“Hang High the Red Lanterns”. 1991. Zhang Yimou, dir. We all have seen the film, a few the 2003 ballet, probably fewer still worked our way through the original (Chinese-langage) novella by 苏童 妻妾成群 “Wife and Concubines in Contest” (my perverse translation), though surely many more the English translation.
It is one of those “how seriously should I take this?” midcareer Zhang Yimou productions. Dominated (as later would be Turandot and First Emperor on the boards, and the eponymous ballet of 2003) by that director’s ingenuity, even obsession, with prop design (wutai meishu, Bühnenbild): lighting and perspective and proto-architecture. Still more with color: color-clocking, rather (there are rarely any spaces for color transition, shading: hues are en bloc):
red (lampflame fire- or blood-red yellow fringe/aura of candlelight)
black (imprisoning shadow, facelessness of Chen Zuoqian)
white (dispassionate cold, conspiracy, plots emerging in the open, culminating in death’s pallor)
And with archaic technologies: distillation, dyeing, guttered tile architexture, etc.
But is it (this) anything more than a high-glitz, fine-lense murder-mystery with a soupcon of the supernatural? Close kin to (pilot for?) Shanghai Triad: the sets become the actors-in-chief. Apparent, but only that, empathy for fallen women, their maltreatment, their often suicidal life-ends? An advancement in Gen5 film ideation? or a sleight of hand designed to make the already in decline nouvelle vague of the ’78-ers accessible to the new TV-raised urban young? (There was, indeed, a Taiwan scripted 1992 TV series 大红灯笼高高挂, 共46集全 46 episodes, dir. 蒲腾晋, already being broadcast but a year after the film’s release). Merchant-Ivory Gothic with a Taiwanese face?
Some might so think” this writer not. It is not nearly as easy a target of analysis (judgement) as one might first adjudge, probably because the backscript’s author, Su Tong, is a author with many faces, and a well-educated one into the bargain- no Hollywood lightweight, and I would guess more actively involved in the filmscript than is generally credited. (http://tantaiquan.blogbus.com/logs/45045609.html). (The 1991 film titles credit Joe Ni, a Hongkong based TV serialist with the transfer from novel to film…, but that I think is a tacked on credit to ease acceptance in Hong Kong). Elisions are many, but additions or overwrites none.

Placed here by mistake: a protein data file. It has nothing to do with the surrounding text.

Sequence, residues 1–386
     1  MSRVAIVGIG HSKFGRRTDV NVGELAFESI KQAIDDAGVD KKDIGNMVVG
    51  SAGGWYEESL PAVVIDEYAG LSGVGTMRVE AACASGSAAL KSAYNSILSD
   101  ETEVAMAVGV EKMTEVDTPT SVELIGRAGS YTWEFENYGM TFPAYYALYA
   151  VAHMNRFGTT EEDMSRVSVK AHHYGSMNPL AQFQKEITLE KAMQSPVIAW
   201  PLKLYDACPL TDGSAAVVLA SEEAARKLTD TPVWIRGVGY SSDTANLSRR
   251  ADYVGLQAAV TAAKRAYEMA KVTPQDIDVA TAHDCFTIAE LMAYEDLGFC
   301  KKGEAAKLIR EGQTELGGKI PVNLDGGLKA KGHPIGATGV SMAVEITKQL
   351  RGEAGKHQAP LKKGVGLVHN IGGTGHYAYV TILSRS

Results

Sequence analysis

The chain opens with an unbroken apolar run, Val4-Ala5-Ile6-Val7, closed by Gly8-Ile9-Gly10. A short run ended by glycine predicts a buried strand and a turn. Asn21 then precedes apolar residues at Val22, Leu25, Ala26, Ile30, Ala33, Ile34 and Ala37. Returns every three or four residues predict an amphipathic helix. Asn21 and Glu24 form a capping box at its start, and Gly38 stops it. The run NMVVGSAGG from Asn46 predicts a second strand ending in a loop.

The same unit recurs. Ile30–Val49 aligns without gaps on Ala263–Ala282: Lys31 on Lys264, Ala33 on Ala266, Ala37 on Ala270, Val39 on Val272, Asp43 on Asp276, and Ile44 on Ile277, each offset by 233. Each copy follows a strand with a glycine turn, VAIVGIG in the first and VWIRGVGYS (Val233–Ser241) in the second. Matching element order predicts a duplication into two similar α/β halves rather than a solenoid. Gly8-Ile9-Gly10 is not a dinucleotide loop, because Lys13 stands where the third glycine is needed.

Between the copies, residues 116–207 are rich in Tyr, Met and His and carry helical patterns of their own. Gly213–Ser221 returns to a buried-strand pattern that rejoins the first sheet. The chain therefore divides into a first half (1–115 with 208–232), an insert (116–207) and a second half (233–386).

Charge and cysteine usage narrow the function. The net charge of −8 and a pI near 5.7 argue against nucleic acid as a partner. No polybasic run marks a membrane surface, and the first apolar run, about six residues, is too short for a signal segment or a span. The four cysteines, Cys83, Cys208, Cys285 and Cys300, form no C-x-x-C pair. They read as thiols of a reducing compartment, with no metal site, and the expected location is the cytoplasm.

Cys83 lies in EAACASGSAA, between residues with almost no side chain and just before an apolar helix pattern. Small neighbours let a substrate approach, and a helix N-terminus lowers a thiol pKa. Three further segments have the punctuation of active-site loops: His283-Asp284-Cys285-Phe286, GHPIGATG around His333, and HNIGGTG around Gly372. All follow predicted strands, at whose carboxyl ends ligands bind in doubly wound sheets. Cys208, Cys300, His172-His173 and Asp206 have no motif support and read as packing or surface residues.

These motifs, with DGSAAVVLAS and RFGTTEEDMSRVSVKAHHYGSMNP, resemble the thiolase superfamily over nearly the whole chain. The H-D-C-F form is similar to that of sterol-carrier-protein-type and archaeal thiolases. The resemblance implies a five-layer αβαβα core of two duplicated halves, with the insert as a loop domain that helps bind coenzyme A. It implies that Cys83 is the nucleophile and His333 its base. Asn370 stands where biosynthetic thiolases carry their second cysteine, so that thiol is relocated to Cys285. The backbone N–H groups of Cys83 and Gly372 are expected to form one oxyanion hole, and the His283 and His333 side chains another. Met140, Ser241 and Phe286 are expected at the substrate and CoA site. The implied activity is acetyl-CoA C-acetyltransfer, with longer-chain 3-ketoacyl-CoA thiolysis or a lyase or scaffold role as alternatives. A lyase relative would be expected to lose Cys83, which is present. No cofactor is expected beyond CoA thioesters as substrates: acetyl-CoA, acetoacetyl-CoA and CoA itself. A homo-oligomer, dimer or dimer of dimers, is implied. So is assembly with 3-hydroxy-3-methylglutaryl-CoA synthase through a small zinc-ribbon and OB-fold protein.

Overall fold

Nobody would call Su Tong a “mass-audience” writer. And, surtout, it is not easily placed within either Chinese or global genre vocabularies.
The easy way out was and still is to call it a chuanqi (supernatural) tale. But there is to one degree or another Anglo-Gothic (and even? Edgar Allan Poe) influence, which calls into play the issue of the “house” (both senses) as a troubled setting, bedeviled by the constrictions of the past (DNA included) upon its ability procreate into the future. A possibly Scandinavians’ fascination with madness lurks somewhere. (Much, “Shriek”)
And to a degree the “backstage-musical” (-drama) trope, a play within a play: the narrator discusses the inside, the before-and-after, the lead actor(s) face outward, interested in what the “paying” audience sees at stage-front, not behind the curtain, while the external (film-watching) audience sees both. (Meishan’s monologue, below, offers an explicit insight: the players perform mainly for playgoers, but in between also for themselves; or even ultimately for those who aren’t there, are invisible (ghosts is the code). A kind of triangulation
So, as already stated, it is a difficult work (qua film) to place. Is it worth the effort of a deep dig?
The “serious or frivolous” dilemma is upon us very soon into the film. The paper lanterns and the ritual of their lighting, elevation, lowering and extinction.
It seemed at first run-through just another trope for ordering or disciplining the bevy of “wives and concubines” and their attendants. So naturally I had assumed it (the pulleys and the lanterns to which it seemed to refer) were just another of those semi-prankish gadgetries that Zhang has often fancied for their appeal as devices inherited from the age of pre-machinery. Of which the best known of course is the distillation complex in Red Sorghum, halfway between magic and machine, but actually neither: just derivative fantasy, a trompe l’oeil extension of one or another social rite, a quip. An expansion of something described in the novella.
Until at the retirement conference for Prof Fred Wakeman at UCB in 2006 I overheard him mention that the backstory’s author, Su Tong, had been (well the word used was) dumbfounded by all this supposedly archaic system of signalling – is it times of day? more important, of to which Mistress the Master would repair for physical gratification. Nothing of that sort appears ANYWHERE in the novella. Nor indeed in any other story of the genre here in play: the modern ghost or horror tale, chuanqi. So what is this enactment doing here? Why has it been not just added but placed at the center of the filmstory?